Nevertheless, the economist said a prolonged US-China trade dispute could benefit Malaysia in the medium term from supply chain movement out of China.
“We (Malaysia and China) sell a lot of similar products to the US and countries that tend to benefit (from the supply chain movement) are those that are already exporting to the US because the supply chain is already in existence.
“So, I do expect more orders from the US to come as an indirect positive effect from the trade war,” he said.
Lee said Malaysia was the third most successful country after Vietnam and Mexico in terms of attracting supply chain movement away from China.
“However, it will take time before we see the positive impact as it involves investment decisions,” he added.
KUALA LUMPUR: China will likely remain as Malaysia’s largest trading partner, looking at the current trend, said Deputy International Trade and Industry Minister Dr Ong Kian Ming.
He said even with the spectre of the US-China trade war looming, Malaysia-China trade continued to grow at a higher rate compared with other trading partners.
In a statement today, Ong said from January to November 2018, Malaysia’s total trade rose 6.2% as compared with the same period in 2017, contributed by 6.9% growth in exports and 5.3% rise in imports.
During the period, Malaysia-China total trade expanded by 8.5%, with an 11.3% increase in exports and 6.3% growth in imports.
He said Malaysia was also poised to attract more investments and benefit from import substitution as a result of the US-China trade war.
Ong said there were about 300 out of the top 500 Chinese companies listed by Fortune Magazine which had yet to invest in Malaysia.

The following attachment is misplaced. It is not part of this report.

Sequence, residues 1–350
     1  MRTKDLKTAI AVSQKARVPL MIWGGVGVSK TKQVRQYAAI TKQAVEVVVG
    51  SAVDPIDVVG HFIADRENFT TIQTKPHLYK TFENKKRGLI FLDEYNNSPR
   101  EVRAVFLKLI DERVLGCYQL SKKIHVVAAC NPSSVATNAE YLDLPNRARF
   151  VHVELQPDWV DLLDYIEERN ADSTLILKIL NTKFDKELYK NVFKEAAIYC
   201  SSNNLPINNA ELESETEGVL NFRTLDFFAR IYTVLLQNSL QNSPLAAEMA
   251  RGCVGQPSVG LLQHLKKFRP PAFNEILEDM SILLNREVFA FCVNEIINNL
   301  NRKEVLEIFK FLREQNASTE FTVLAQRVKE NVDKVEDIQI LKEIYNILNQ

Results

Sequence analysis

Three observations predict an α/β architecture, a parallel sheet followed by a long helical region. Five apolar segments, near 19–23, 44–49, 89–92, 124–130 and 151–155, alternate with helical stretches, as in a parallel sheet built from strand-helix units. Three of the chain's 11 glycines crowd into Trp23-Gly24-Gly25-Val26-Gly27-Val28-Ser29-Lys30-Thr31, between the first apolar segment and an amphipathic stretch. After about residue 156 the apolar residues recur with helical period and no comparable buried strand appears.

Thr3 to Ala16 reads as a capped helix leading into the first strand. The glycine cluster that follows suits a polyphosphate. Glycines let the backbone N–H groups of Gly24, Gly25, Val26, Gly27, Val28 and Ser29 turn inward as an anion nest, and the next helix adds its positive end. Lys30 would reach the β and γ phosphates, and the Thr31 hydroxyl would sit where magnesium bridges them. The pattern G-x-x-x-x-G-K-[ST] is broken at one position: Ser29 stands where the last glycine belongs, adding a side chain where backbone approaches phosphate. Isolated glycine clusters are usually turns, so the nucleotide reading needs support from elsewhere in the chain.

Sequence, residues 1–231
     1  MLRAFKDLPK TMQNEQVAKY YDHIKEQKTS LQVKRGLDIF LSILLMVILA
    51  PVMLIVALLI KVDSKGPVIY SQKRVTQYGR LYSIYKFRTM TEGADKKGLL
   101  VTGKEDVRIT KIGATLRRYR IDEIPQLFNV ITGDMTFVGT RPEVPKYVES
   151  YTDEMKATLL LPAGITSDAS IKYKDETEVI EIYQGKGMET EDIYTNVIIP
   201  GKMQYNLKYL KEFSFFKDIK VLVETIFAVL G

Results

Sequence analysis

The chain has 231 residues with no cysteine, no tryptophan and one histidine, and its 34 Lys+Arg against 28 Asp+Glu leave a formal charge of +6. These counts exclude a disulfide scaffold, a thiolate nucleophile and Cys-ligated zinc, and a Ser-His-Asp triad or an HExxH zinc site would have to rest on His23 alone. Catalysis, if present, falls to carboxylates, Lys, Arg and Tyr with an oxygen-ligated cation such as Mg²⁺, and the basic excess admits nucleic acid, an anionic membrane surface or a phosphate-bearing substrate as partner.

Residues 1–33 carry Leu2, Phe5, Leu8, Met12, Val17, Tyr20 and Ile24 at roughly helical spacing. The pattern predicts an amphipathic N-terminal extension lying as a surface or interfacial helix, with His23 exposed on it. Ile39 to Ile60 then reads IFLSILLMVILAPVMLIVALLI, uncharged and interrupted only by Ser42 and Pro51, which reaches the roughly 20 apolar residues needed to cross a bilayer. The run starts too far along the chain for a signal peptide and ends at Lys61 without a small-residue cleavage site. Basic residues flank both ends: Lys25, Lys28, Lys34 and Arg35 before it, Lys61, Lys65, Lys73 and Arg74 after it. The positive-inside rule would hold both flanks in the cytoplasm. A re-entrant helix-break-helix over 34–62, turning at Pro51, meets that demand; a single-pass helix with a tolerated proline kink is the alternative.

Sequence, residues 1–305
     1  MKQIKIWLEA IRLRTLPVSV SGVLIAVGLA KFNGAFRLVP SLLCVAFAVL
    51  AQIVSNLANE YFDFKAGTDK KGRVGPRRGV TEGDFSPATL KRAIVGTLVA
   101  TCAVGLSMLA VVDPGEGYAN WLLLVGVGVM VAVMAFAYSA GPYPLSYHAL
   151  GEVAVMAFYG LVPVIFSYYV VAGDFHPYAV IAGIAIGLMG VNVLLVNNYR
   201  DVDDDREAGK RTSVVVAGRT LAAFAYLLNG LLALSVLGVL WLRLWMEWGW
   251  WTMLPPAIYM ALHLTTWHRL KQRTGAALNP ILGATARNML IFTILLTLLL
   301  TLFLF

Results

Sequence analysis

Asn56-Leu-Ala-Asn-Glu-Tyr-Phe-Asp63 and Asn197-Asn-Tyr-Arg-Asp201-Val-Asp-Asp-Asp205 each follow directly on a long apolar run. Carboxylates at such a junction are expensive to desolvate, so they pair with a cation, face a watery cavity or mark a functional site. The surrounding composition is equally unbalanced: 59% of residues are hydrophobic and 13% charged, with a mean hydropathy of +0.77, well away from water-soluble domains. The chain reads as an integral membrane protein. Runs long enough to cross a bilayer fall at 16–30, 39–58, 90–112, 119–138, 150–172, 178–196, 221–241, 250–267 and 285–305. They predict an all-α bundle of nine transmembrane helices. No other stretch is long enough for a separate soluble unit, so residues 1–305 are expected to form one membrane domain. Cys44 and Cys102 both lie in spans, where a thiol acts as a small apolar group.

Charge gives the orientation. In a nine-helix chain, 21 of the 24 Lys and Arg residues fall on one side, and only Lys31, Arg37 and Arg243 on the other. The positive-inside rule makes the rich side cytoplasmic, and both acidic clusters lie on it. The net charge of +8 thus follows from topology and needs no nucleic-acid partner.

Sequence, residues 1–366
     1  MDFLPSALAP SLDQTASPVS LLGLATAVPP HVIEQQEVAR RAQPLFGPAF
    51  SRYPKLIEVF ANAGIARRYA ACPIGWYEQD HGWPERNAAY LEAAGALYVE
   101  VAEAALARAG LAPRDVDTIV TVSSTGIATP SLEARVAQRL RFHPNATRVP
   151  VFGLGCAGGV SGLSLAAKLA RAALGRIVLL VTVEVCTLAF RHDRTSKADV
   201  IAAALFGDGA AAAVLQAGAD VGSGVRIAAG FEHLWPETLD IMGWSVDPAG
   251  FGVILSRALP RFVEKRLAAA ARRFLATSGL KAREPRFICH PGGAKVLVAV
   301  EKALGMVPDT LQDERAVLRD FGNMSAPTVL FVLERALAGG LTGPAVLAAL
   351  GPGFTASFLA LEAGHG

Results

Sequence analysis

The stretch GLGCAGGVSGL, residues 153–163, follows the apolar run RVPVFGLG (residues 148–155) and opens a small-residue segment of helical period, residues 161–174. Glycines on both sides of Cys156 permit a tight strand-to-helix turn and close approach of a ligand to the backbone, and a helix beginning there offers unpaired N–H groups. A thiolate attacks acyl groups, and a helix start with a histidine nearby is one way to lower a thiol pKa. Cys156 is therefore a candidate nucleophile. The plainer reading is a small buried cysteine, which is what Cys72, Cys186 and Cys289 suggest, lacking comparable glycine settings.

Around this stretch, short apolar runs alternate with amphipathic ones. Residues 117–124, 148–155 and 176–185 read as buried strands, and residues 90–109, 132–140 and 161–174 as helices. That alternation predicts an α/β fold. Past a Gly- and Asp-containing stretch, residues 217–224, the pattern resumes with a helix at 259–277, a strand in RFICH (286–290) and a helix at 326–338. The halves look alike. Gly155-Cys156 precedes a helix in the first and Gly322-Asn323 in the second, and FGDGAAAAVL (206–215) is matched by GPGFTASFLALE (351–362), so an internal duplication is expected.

“These are the companies that we want to entice to Malaysia by showing off our natural and strategic advantages as an investment location,“ he said.
From January to September 2018, approved manufacturing foreign direct investment (FDI) from China had already reached RM15.62 billion.
“More than 50% of the approved manufacturing FDI from Chinese companies came after the 14th General Election (in May 2018), showing that companies from China continue to demonstrate confidence in the Malaysian economy under the new government,“ he added.
He said a recent study by Nomura Global Economics ranked Malaysia as the top country, based on its aggregated Nomura Import Substitution Index scores, that could benefit in particular from the exports of electronic integrated circuits, liquefied natural gas and communication apparatus.
Meanwhile, the Economist Intelligence Unit projected Malaysia to be a beneficiary in diverted production and investment in the automotive, as well as information and communications technology products.
“While a prolonged US-China trade war would not be welcomed by a small and open economy like Malaysia, there are mitigating factors that will somewhat cushion the impact for us,“ Ong added.